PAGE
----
Is Superman Eligible to be Elected President of the United States?

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Today, we try to figure out whether Superman is eligible to be elected President of the United States.

In Comic Book Questions Answered, I answer whatever questions you folks might have about comic books (feel free to e-mail questions to me at brianc@cbr.com).

Reader Mike G. wrote in to ask, well, you know, the title of this article.

So let’s take a look!

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I suppose we should first look at the United States Constitution’s Article II, Section 1 on the President…

Article II

Section 1

The executive Power shall be vested in a President of the United States of America. He shall hold his Office during the Term of four Years, and, together with the Vice President, chosen for the same Term, be elected, as follows:

Each State shall appoint, in such Manner as the Legislature thereof may direct, a Number of Electors, equal to the whole Number of Senators and Representatives to which the State may be entitled in the Congress: but no Senator or Representative, or Person holding an Office of Trust or Profit under the United States, shall be appointed an Elector.

The Electors shall meet in their respective States, and vote by Ballot for two Persons, of whom one at least shall not be an Inhabitant of the same State with themselves. And they shall make a List of all the Persons voted for, and of the Number of Votes for each; which List they shall sign and certify, and transmit sealed to the Seat of the Government of the United States, directed to the President of the Senate. The President of the Senate shall, in the Presence of the Senate and House of Representatives, open all the Certificates, and the Votes shall then be counted. The Person having the greatest Number of Votes shall be the President, if such Number be a Majority of the whole Number of Electors appointed; and if there be more than one who have such Majority, and have an equal Number of Votes, then the House of Representatives shall immediately chuse by Ballot one of them for President; and if no Person have a Majority, then from the five highest on the List the said House shall in like Manner chuse the President. But in chusing the President, the Votes shall be taken by States, the Representatives from each State having one Vote; a quorum for this Purpose shall consist of a Member or Members from two thirds of the States, and a Majority of all the States shall be necessary to a Choice. In every Case, after the Choice of the President, the Person having the greatest Number of Votes of the Electors shall be the Vice President. But if there should remain two or more who have equal Votes, the Senate shall chuse from them by Ballot the Vice-President.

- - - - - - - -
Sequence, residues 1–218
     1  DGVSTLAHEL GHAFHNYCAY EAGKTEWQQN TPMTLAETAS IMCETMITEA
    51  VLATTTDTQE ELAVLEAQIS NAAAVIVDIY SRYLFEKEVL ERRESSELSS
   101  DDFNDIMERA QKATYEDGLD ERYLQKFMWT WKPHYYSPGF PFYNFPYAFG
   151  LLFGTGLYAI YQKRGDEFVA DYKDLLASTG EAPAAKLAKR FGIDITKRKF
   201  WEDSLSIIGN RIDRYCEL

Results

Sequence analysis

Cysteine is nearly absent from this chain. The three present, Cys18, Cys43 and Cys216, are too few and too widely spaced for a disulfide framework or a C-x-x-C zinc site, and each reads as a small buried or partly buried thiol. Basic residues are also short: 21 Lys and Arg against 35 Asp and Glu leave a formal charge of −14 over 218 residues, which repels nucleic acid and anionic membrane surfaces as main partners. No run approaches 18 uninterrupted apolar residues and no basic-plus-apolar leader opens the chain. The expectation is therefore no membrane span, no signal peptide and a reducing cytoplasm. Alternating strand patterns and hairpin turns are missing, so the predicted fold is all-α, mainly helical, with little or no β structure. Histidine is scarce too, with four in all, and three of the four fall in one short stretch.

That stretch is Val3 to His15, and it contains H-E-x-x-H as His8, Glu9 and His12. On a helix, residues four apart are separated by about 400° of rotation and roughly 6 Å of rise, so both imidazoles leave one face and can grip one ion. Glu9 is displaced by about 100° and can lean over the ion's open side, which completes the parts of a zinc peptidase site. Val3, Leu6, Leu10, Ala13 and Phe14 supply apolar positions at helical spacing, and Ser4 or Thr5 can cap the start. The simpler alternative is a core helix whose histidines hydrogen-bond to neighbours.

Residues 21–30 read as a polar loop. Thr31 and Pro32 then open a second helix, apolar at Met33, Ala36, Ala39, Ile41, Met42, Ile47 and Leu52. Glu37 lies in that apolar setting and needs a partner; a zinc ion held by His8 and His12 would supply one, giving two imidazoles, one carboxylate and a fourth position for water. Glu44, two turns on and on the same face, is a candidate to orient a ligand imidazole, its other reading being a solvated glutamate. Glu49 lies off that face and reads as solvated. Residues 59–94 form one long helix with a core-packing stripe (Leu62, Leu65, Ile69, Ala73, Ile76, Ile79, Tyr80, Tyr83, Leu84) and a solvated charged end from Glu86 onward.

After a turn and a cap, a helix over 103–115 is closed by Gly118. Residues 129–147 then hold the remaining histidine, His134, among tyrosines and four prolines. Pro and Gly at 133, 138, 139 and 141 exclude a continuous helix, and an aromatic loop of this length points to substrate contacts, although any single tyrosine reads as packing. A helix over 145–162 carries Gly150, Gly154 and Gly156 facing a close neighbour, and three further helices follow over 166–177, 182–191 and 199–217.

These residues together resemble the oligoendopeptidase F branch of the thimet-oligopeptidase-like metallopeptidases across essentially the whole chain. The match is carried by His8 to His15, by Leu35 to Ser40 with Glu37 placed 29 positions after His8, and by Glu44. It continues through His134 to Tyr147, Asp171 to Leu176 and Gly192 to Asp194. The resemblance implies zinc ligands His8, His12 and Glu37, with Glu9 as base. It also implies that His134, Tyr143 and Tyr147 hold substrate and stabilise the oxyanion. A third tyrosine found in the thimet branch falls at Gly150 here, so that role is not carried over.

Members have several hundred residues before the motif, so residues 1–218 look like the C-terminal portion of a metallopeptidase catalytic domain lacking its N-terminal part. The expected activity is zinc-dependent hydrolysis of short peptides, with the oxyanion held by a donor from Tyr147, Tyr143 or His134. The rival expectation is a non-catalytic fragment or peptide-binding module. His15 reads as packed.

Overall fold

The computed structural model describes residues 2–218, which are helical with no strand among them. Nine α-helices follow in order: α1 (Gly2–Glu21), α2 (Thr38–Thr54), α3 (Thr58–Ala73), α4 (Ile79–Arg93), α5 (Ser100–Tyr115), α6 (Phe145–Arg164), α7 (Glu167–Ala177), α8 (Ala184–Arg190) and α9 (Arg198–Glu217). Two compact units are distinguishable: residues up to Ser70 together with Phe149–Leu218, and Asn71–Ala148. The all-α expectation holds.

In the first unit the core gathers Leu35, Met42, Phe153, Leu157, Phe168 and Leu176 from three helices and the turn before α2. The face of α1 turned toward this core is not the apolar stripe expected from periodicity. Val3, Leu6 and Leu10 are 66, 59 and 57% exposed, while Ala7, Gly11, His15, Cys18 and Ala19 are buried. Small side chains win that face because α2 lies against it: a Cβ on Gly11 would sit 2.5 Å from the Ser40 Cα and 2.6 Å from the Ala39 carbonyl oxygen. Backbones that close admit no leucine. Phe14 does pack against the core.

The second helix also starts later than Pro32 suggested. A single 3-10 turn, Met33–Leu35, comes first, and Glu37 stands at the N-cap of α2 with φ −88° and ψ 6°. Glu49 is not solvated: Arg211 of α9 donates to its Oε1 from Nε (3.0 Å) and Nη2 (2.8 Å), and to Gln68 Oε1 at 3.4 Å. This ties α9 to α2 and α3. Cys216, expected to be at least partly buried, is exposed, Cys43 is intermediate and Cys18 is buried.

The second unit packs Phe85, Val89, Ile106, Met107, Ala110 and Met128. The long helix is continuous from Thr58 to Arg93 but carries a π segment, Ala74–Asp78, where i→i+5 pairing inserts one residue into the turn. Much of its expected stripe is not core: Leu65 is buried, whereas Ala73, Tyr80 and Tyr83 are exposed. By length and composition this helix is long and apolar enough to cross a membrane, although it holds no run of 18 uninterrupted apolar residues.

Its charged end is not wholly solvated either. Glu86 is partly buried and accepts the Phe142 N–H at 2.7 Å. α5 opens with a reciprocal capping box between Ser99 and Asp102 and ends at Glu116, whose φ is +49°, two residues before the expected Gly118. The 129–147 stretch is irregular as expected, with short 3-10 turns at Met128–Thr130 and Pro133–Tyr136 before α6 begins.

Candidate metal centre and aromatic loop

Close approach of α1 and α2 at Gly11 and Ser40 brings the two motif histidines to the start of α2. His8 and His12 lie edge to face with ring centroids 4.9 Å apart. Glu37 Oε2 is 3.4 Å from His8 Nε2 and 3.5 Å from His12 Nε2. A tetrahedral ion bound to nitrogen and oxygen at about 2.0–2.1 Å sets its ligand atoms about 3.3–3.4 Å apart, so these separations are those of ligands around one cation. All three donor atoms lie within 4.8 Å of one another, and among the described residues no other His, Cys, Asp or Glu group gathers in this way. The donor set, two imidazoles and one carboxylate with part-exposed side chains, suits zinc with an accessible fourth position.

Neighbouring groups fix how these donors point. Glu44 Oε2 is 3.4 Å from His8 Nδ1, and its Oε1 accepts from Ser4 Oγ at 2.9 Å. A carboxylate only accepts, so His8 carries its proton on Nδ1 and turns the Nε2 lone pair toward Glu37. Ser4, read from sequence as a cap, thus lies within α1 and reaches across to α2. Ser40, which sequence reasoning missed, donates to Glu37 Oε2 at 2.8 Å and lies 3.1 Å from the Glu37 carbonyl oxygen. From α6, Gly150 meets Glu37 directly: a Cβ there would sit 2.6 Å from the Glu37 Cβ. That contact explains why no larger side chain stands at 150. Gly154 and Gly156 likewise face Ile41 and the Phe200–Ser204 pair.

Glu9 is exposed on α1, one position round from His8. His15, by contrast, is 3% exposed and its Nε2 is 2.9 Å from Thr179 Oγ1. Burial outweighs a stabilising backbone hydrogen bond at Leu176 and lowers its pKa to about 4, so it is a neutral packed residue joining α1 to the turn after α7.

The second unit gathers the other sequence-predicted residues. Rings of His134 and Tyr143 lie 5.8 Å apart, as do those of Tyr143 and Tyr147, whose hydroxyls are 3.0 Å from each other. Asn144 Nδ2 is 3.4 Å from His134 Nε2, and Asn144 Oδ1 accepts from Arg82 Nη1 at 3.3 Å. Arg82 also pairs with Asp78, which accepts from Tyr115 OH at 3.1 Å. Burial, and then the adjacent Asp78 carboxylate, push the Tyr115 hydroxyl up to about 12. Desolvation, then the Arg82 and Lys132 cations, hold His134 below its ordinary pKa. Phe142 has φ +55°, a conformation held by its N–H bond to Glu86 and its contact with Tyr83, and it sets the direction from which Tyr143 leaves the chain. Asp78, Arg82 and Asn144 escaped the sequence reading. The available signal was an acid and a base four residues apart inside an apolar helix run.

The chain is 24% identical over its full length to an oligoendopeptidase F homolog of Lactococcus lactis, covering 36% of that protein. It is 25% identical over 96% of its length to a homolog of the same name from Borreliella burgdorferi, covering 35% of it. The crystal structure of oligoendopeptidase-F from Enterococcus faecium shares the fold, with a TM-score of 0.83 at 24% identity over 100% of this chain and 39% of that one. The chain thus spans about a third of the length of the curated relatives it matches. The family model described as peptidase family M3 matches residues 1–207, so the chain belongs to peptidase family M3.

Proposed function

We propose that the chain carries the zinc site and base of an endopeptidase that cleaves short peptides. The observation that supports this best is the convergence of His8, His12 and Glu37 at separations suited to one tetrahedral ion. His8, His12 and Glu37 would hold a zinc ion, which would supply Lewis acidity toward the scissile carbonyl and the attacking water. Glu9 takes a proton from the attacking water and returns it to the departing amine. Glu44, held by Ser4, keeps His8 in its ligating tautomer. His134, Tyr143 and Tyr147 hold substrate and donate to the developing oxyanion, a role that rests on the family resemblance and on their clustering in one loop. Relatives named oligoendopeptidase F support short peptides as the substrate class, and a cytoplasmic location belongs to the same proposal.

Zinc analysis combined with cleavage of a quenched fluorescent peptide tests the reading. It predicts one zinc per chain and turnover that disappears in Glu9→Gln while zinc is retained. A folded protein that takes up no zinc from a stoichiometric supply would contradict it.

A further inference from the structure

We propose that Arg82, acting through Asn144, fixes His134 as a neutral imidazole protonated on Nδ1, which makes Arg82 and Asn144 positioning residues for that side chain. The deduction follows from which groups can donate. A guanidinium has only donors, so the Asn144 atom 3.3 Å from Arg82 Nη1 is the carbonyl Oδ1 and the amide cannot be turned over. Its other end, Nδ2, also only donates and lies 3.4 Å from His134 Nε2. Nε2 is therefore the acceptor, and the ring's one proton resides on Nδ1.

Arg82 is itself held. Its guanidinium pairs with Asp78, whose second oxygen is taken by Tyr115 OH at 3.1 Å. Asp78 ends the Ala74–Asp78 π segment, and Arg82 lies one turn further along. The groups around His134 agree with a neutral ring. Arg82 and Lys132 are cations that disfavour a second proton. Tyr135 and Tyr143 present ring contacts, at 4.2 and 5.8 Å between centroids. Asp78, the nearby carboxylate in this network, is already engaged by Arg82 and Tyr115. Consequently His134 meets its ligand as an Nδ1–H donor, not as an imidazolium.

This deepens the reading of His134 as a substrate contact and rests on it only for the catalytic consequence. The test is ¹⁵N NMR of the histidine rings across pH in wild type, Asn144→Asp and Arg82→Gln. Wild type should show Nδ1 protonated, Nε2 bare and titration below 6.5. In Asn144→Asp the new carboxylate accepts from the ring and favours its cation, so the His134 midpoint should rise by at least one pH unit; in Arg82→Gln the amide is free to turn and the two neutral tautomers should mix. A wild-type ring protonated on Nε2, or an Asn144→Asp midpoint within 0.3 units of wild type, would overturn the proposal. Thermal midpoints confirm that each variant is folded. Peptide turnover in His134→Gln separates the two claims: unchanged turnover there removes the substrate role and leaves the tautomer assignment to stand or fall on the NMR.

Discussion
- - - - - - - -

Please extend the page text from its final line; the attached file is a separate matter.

The Congress may determine the Time of chusing the Electors, and the Day on which they shall give their Votes; which Day shall be the same throughout the United States.

No Person except a natural born Citizen, or a Citizen of the United States, at the time of the Adoption of this Constitution, shall be eligible to the Office of President; neither shall any person be eligible to that Office who shall not have attained to the Age of thirty five Years, and been fourteen Years a Resident within the United States.

Naturally, the important clause for this discussion is this one, “No Person except a natural born Citizen, or a Citizen of the United States, at the time of the Adoption of this Constitution, shall be eligible to the Office of President; neither shall any person be eligible to that Office who shall not have attained to the Age of thirty five Years, and been fourteen Years a Resident within the United States.”

Before I even answer, let us note that obviously, the United States Constitution is not a fixed document, so even if we determine that Superman would NOT be eligible under the “natural born Citizen” clause, the Constitution could just be amended to remove said clause. I’m personally not a fan of the clause to begin with. I get its inclusion at the time, but that time has long passed. So yeah, even if the answer is “no,” it could be changed, so then that means that the answer COULD be considered “yes.”

In any event, based on the language, it sure doesn’t seem like Pre-Crisis Superman would be eligible (or other more recent versions of his origin that follow the Pre-Crisis version, which is most of them), as we see in Superman #53 (by Bill Finger, Wayne Boring and Stan Kaye) that Superman is an infant on Krypton and was therefore born on that planet…

He was then fired to Earth in a rocket…

Now, could you argue that since his birth took place on a whole other planet that we should count the moment he lands on Earth as his EARTH birth? I could see the argument, but I don’t think it would work. So no, Pre-Crisis-wise, they’d have to amend the Constitution to get Superman his eligibility.

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POST-Crisis Superman is a whole other story, as the rocket Superman was fired in was specifically a birthing matrix, so here, Superman could be technically considered to have been “born” only when he came out of the birthing matrix and was therefore born on Earth in America. That was the argument pursued by Roger Stern and Tom Grummett (and a bunch of inkers) in Action Comics Annual #3, which featured an alternate future where Superman becomes President…

And sure enough, that’s just what the Supreme Court ruled…

So Pre-Crisis (and modern versions that use the basic Pre-Crisis origin), no, but Post-Crisis, yes.

Thanks for the question, Mike! If anyone else has a comic book question, drop me a line at brianc@cbr.com!

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